In honor of Earth Day on April 22, the Earth Institute has a variety of great events and stories lined up for you throughout the entire month of April. Find out more about our Earth Month Activities and Earth Day coverage.
Take a break and test your knowledge of Earth Day, environmentalism, and all things natural. Even a genius can learn a thing or two from mother nature – just take it from Albert Einstein: “Look deep into nature, and then you will understand everything better.” And be sure to share your favorite trivia, quotes, or Earth Day thoughts in the comments section below.
Which environmental disaster was a catalyst for the first Earth Day?
Resulting in an 800-square-mile oil slick off the coast of California, the Santa Barbara oil spill in early 1969 was the largest oil spill in United States waters up to that time. Public opinion was galvanized to take action on environmental issues after seeing images of polluted beaches and oil-covered marine life.
What landmark environmental regulation was passed less than three calendar years after the first Earth Day?
The environmental movement gathered steam during the early 1970s, resulting in a wave of groundbreaking legislation. In addition to the above, the Marine Protection, Research, and Sanctuaries Act of 1972; the Occupational Safety and Health Act; and the Federal Insecticide, Fungicide, and Rodenticide Act were also passed during this time.
More than _________ people are mobilized to celebrate Earth Day every year.
Which of the following is true?
Sure, Vladimir Lenin’s birthday is also April 22, but trying to associate environmentalism with a Communist plot seems wackier than a moon tree. Actually, make that way wackier than a moon tree…
What watershed literary work published in 1962 jumpstarted the environmental movement and helped inspire the first Earth Day?
While all of the titles above are trailblazing works in environmentalism, only Rachel Carson’s Silent Spring was published in 1962. Silent Spring brought to light the devastation humankind was perpetrating on the natural world, and explained how toxic pesticides like DDT harmed not just the environment, but human health as well.
“We stand now where two roads diverge. But unlike the roads in Robert Frost’s familiar poem, they are not equally fair. The road we have long been traveling is deceptively easy, a smooth superhighway on which we progress with great speed, but at its end lies disaster. The other fork of the road — the one less traveled by — offers our last, our only chance to reach a destination that assures the preservation of the earth.” — Rachel Carson, Silent Spring
What was the first U.S. National Park?
Early Yellowstone explorer John Colter’s reports of a fantastical land of “fire and brimstone” were widely met with ridicule and disbelief. But the area’s beauty and unique features were eventually recognized and became protected on March 1, 1872, when President Ulysses S. Grant designated Yellowstone America’s first national park.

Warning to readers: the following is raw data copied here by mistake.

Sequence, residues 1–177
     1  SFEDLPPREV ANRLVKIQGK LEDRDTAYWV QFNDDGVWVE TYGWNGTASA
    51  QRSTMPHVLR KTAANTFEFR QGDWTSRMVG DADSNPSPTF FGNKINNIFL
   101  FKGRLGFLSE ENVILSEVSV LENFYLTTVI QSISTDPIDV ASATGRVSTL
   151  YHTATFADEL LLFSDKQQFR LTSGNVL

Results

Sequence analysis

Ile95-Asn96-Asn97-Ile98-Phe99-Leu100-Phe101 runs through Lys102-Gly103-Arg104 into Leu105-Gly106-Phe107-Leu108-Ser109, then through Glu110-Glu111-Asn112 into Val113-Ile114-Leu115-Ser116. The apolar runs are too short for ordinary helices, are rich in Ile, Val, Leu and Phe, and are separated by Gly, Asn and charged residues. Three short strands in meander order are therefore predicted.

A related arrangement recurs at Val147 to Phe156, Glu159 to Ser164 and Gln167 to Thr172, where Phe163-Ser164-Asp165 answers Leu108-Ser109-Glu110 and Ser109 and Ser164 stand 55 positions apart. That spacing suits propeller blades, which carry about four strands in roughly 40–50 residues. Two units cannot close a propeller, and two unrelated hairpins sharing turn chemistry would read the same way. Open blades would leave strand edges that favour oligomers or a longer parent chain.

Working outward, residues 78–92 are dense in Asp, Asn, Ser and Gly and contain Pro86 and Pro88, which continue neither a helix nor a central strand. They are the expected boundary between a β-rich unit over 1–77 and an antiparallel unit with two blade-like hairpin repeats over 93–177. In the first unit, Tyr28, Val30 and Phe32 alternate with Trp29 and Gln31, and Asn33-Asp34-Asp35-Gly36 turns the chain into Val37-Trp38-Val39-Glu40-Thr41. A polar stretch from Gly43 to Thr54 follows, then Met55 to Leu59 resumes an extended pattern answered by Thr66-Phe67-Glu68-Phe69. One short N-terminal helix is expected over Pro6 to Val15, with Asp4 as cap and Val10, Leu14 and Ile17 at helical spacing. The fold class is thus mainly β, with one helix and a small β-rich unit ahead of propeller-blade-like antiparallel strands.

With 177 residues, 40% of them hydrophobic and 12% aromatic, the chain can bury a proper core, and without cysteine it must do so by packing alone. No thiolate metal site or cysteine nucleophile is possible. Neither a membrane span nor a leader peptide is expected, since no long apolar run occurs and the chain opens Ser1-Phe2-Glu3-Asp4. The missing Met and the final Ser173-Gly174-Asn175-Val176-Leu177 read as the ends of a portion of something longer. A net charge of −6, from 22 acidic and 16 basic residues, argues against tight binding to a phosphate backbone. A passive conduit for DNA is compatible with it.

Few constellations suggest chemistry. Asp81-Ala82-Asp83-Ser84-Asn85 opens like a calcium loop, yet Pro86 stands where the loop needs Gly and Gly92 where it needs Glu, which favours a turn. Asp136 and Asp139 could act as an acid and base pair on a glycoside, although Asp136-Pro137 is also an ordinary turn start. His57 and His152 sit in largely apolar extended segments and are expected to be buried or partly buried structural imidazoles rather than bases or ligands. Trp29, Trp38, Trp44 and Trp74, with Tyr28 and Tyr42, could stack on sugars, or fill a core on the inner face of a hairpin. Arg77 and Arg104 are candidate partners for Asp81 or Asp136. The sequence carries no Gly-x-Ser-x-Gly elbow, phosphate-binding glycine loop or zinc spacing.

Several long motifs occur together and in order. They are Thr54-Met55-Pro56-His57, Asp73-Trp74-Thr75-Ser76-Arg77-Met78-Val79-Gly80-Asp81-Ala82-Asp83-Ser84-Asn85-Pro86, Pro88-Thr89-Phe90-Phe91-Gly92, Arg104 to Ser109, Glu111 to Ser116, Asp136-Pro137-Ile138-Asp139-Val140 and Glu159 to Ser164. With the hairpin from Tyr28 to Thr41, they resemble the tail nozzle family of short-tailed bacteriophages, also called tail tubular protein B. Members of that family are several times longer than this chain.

Who said, “The ultimate test of man’s conscience may be his willingness to sacrifice something today for future generations whose words of thanks will not be heard”?
It is estimated that more than ___ percent of species on Earth are still undiscovered.
According to scientific estimates, some 80-90 percent of the 8.7 million species on Earth have not yet been identified. Researchers have even tried to map where many of these undiscovered species may be hiding. While estimates of the current extinction rate vary, it is clear that many species will go extinct before they have been discovered.
What pressing environmental issue did the 1987 Montreal Protocol treaty address?
In the 1970s, scientists discovered that chlorofluorocarbons — chemicals used in aerosols, refrigerants, and other products — were creating a “hole” in the Earth’s protective ozone layer. Hailed as an extraordinary example of international cooperation, the Montreal Protocol effectively banned the use of chlorofluorocarbons, providing proof that nations could work together to address pressing environmental issues.
What intellectual movement emphasized the natural world and inspired early environmentalist thought?
Reacting to the urbanization and industrialization of the 19th century, Romanticism emphasized emotions and the natural world. Inspired by the English Romantic poets, the works of Transcendentalist authors like Ralph Waldo Emerson and Henry David Thoreau would form the bedrock of the conservation movement in America.
“In the presence of nature, a wild delight runs through the man, in spite of real sorrows. Nature says, — he is my creature, and maugre all his impertinent griefs, he shall be glad with me.” — Ralph Waldo Emerson